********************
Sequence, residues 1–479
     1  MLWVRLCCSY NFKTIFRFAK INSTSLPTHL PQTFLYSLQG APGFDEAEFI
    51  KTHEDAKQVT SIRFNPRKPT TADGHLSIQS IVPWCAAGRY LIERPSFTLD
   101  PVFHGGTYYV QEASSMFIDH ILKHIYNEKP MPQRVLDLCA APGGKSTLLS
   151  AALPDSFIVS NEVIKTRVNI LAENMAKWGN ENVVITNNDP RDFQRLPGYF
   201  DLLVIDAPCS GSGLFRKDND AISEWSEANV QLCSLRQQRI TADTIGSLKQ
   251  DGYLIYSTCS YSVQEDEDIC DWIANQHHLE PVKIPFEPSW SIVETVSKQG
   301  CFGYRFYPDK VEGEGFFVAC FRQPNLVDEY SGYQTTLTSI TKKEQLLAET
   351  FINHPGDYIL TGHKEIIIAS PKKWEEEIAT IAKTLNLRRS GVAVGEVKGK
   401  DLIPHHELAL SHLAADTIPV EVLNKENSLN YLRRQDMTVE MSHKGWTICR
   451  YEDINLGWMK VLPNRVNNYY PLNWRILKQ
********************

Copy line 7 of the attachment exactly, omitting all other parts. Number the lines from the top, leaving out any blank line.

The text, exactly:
   251  DGYLIYSTCS YSVQEDEDIC DWIANQHHLE PVKIPFEPSW SIVETVSKQG